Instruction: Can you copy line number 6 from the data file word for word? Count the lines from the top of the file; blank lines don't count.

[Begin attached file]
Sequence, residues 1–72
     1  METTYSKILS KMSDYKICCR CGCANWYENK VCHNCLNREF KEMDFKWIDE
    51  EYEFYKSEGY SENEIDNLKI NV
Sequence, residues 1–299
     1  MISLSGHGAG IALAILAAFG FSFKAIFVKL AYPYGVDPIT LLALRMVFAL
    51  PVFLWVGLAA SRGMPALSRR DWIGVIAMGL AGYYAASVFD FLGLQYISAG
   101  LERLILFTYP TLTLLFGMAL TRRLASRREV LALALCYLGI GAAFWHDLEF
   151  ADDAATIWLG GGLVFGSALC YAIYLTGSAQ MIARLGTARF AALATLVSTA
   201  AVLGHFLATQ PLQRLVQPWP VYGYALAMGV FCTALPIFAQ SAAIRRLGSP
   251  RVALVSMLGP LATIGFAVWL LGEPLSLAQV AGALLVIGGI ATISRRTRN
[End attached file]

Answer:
    51  PVFLWVGLAA SRGMPALSRR DWIGVIAMGL AGYYAASVFD FLGLQYISAG